Now there is a scientist (political) heading NASA. Trying to slowly pull the Station back down to the ground. From day one, O'Keefe has taken all hope of Human Space Flight and crushed it before this country?s eyes. Not that there weren't problems in the past, but he has no vision, and no ability to lead the NASA faithful.
The Columbia tragedy was a horrific outcome of well meaning intentions of all those who worked on the Shuttle. The Orbiter (shuttle) is an amazing machine but space flight is inherently not safe. Until congress, and even NASA begin to understand this is not a jet liner (and why it is not a jet liner) then the needed flexibly for human space flight will never be granted. And it must be granted for us to explore onward. For we desire to live beyond mere existence. That is why we press forward into space. There is no political reason for it.
And yes, if NASA had known there was a problem they would have done anything to get the people back safely. If the Shuttle was sitting in space with CNN, foxnews, etc., planted on it watching the crew sit in space, we would have launched another shuttle regardless of the risk. Without question. Those who say otherwise are the reason why NASA is in such a culture mess. They don?t understand why the American people, and world, look in awe of NASA.
If we look at Columbia and trace the flight manifest some things become quite clear. Why was Columbia up there? It was performing experiments that should have been done on the Space Station. Why was it done on Columbia and not the Station? Because the NASA administration, who needed to fix the budget line, decided to cut the x38/CRV program. This forcing the Station to only three crew members. As there were only three crew members, the science racks for the station were delayed. Enter Columbia, a flight needed to offset the science load as the station was unready to perform.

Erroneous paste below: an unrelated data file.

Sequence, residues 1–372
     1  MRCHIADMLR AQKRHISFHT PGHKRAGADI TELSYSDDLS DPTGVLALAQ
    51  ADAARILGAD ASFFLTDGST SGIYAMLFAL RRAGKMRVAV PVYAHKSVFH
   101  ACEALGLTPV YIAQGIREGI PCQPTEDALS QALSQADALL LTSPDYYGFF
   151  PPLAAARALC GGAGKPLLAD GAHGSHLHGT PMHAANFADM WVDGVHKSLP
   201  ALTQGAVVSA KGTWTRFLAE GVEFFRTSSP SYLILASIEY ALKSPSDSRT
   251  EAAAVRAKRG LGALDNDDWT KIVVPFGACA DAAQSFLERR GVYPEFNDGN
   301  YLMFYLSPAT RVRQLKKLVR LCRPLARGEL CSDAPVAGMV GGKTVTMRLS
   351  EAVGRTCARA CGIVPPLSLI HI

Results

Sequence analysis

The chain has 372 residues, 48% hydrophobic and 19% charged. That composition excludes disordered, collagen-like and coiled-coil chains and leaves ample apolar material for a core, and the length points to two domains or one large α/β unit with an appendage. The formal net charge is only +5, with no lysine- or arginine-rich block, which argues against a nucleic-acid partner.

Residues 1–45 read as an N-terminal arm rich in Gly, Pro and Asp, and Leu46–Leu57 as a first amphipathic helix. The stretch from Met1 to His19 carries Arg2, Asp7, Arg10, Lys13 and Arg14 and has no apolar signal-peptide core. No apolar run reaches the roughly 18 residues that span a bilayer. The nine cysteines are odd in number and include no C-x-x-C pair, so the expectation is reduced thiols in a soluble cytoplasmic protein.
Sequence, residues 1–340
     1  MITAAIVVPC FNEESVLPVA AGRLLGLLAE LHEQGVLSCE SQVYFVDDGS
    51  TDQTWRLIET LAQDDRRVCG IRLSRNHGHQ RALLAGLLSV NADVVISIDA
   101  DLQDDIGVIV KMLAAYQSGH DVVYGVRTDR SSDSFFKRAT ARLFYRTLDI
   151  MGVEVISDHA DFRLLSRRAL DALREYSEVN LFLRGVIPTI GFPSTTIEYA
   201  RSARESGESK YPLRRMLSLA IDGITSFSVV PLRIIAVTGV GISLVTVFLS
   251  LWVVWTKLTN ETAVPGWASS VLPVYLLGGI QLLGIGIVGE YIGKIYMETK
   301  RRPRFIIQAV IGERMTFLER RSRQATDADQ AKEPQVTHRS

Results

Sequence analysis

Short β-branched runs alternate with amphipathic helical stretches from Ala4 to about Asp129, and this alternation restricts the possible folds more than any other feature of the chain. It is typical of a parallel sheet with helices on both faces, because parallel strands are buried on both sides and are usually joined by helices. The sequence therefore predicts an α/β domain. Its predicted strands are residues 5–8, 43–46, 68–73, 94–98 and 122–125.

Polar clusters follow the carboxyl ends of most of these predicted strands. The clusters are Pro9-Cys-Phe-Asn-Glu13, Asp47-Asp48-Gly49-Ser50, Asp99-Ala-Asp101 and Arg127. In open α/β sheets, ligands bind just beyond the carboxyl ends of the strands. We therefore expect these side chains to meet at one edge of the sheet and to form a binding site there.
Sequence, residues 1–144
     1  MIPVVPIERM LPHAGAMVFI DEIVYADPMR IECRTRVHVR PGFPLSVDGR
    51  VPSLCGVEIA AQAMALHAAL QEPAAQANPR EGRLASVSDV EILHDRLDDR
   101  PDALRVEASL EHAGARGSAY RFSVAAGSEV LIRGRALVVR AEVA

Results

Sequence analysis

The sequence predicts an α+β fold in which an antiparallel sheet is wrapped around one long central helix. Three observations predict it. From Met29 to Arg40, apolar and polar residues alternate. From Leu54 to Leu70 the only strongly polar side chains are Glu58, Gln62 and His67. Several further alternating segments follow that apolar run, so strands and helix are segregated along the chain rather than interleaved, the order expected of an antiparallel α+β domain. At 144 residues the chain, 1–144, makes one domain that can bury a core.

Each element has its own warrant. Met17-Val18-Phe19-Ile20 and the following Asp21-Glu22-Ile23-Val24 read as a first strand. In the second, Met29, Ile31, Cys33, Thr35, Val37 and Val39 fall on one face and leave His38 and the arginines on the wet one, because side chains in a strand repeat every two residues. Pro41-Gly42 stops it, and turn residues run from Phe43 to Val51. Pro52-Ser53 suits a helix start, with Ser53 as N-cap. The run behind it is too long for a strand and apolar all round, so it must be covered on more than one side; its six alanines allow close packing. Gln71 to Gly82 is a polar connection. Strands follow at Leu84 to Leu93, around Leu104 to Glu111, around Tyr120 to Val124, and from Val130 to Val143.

The tragedy could still have occurred, and probably will again, though in a different manifestation. The problem I see with it is that the continuous cutting of X projects finally caught up with NASA.
I hope someday we get our Nations National Pride Organization back. NASA is a remarkable agency and provided hope in particular times like these. It only needs to be lead. With a vision and a spirited drive. I hope.Posted by transistor at June 18, 2003 06:12 PM